Should really know this, shouldn't we?
- That's a film, isn't it?
- I literally no idea.
They're just days.
December fifth, 1939, December
seventh, 1941, it goes on.

I don't know.
- So, I say we go for--
- So it's only at Christmas,
and build up to Christmas.
What year?
- Which one's jumpin' out at you? (laughs)
- I think 1942.
I've got December ninth,
1942, I'm just like--

- Okay, we'll go for that then,
'cause I picked Mississippi
for the last one.

- Okay, let's go for it.
- (sighs) It was December seventh, 1941.
- So, I was a year and
two days off or something.

- So, is that the one we guessed?
Oh, I see.
- Oh well, where was the first battle
of the American Revolution?
- Oh, this is so hard.
Do you know about the American Revolution?
- I don't know what a revolution is.
It's just a fight, isn't it?
People are just fight, fight, fight
and then they fight and it's over.
- And then there's a big-- I don't know.
Is that the American
Revolution in the picture?

- Yeah, they've got guns and hats and--
- It looks very civilized.
- It might be when they fight the British
because people keep
banging on about Americans

defeatin' the British and I
don't know, maybe that's how.

- We didn't learn about that.
- We don't learn about that.
Yorktown, Trenton, Saratoga,
White Plains, Eutaw Springs.

- Let's call it Yorktown.
- Yorktown, okay.
- Yeah, it just seems
like the kind of place

they might do that.
- Ah, Lexington and Concord.
- Not Yorktown.
- That's weird, is that
where the Concord was made?

- Who knows?
- Who knows?
- What was the first US
city to host the Olympics?

- LA, New York, St. Louie, or Atlanta?
Oh, St. Louis, not St. Louie.
(laughs)
I think St. Louis.
Atlanta-- I think it's LA.
The Olympics was at LA a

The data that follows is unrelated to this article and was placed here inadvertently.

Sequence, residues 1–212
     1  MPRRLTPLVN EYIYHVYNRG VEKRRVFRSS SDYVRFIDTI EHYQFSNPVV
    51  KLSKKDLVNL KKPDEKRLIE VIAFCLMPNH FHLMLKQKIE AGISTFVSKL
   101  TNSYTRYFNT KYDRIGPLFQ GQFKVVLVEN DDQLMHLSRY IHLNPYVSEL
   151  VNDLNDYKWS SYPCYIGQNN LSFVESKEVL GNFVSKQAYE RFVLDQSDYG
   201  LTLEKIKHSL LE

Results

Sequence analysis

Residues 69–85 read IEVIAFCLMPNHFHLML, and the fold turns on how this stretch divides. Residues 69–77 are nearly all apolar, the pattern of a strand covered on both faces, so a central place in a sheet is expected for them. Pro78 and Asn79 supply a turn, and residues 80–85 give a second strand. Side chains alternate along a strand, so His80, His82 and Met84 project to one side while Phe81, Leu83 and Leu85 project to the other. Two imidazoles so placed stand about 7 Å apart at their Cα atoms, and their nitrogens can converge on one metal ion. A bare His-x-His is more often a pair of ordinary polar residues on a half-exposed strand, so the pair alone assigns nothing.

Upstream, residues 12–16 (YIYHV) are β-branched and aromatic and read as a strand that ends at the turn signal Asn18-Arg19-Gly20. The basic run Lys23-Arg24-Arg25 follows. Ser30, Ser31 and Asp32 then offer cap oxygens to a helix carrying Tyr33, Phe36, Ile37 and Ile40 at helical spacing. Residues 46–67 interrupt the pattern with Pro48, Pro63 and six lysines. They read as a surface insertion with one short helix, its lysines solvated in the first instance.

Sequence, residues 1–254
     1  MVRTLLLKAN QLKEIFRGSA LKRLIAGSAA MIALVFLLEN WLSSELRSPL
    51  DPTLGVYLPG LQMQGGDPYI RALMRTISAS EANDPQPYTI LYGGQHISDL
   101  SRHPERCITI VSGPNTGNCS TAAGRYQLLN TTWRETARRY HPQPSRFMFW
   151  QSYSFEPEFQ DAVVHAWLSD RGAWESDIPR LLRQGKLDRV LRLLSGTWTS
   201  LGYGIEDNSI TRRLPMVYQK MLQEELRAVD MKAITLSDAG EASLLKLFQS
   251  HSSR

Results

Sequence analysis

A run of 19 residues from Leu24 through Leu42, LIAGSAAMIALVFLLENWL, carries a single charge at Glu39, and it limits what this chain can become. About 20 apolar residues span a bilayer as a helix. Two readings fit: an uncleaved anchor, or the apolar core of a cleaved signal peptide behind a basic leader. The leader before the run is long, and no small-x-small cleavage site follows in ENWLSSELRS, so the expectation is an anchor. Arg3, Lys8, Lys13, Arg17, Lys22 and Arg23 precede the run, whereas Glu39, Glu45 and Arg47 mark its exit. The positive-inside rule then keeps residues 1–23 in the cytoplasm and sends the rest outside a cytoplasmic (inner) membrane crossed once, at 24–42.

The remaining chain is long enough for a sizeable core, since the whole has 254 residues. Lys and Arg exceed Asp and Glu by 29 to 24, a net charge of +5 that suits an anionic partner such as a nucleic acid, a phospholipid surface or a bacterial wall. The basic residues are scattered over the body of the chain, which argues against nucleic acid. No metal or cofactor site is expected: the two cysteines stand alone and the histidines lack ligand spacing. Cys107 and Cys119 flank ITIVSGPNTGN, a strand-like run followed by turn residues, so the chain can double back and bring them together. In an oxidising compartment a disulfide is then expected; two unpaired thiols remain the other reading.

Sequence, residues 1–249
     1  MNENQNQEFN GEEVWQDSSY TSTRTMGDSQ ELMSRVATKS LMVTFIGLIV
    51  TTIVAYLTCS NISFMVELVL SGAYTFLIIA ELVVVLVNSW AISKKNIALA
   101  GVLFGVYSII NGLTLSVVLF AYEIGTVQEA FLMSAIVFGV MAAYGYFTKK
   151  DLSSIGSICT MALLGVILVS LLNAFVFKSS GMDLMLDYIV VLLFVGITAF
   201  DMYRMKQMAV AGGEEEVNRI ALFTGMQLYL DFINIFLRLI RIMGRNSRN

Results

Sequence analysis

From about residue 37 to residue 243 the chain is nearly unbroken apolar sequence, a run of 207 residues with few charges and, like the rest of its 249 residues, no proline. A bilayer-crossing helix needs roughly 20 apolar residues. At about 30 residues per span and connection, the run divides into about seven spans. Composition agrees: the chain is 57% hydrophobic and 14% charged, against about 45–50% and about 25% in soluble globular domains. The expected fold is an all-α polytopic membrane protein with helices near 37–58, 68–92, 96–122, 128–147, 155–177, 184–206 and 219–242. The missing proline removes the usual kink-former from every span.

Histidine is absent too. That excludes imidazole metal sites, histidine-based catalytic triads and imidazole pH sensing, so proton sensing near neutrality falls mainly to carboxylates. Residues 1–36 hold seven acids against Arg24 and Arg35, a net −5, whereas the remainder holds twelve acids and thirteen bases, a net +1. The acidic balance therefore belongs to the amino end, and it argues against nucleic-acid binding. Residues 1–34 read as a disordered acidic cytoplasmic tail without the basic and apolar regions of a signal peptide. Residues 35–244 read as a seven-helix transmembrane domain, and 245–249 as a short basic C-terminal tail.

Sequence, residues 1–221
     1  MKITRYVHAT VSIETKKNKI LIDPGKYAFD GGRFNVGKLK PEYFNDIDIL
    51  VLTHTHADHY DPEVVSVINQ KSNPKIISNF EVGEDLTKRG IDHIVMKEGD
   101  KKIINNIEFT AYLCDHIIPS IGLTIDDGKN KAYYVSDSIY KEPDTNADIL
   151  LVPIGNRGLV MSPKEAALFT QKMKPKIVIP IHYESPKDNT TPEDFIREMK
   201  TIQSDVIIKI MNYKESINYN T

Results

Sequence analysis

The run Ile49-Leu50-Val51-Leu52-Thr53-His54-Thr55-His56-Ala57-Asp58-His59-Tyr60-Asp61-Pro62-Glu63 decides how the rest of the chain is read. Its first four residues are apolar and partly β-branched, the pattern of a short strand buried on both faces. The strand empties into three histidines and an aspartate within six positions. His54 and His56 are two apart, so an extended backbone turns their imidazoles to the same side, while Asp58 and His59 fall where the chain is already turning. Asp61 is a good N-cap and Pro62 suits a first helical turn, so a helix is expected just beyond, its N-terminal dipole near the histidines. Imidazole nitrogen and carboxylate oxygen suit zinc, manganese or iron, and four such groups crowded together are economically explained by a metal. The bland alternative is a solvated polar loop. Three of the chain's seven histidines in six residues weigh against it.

few years ago and I think

that was the first time
they had ever hosted it.

- Was it?
What year did LA have the Olympics?
- After us, so ours was the 2012.
- We had done London 2012.
- I think they hosted it.
- And then isn't it four
years later, isn't it?

- Yeah, 2016.
No, it wasn't, that was in Beijing.
Oh no, Russia.
I'm confused.
- You remember there
being an Olympics in LA?

- Yeah.
- Well, we'll go for that, then.
I just don't think they have enough space.
Yeah, not enough space in
New York, definitely not.

It's St. Louie.
- That's got more space to hold it, look.
It just looks like the--
doesn't that look--

- LA is so spaced out,
there's so much space in LA.

- But in the picture,
(laughs) if you were like,

which one looks like Olympics?
You'd just click on that.
- Well, you can't build
an Olympic stadium on water, can you?
- But there's not that
thing that you think--

that's quite Olympic.
- Well, you should've spoken up.
- I should've, I should've
followed my instinct.

- Continue the quiz, click through.
- Okay, number seven.
- How many questions are there?
- Who knows?
- What was the first space
mission to successfully

land on the moon?
Apollo 1, Apollo 8, 11, 13, 14, 18?
- Just go for 11.
- 11, okay.
(chimes)
Apollo 11, well done.
- Yeah, it's a film, isn't it?
- Is it?
I thought it was 13.

That's Oceans 13, that's different.
- Maybe it is Apollo-- I think Apollo 11,
it just rang a bell, so I
was like oh, it must be that.

- Well done.
What is the oldest
institution of higher learning

in the United States?
William and Mary, Princeton, Harvard,
Yale, Cornell, Georgetown?
Harvard?
- I would say Harvard, yeah.
- That's all we hear about.
- That's what we hear
about, Harvard and Yale,

but Harvard more so.
- Amazing, Harvard, we knew it.
- Ding, ding, ding.
- We're so clever.
- Aren't we?
Who is the second president
of the United States?

- George Washington, Thomas
Jefferson, John Adams,

John Quincy, John Madison, Andrew Jackson.
Literally, heard of no one
except George Washington.

- It can't be him, obviously.
We're gonna have to go for
who has the oldest name.

John Quincy sounds quite old.
Let's go for him.
I also quite like that, Quincy.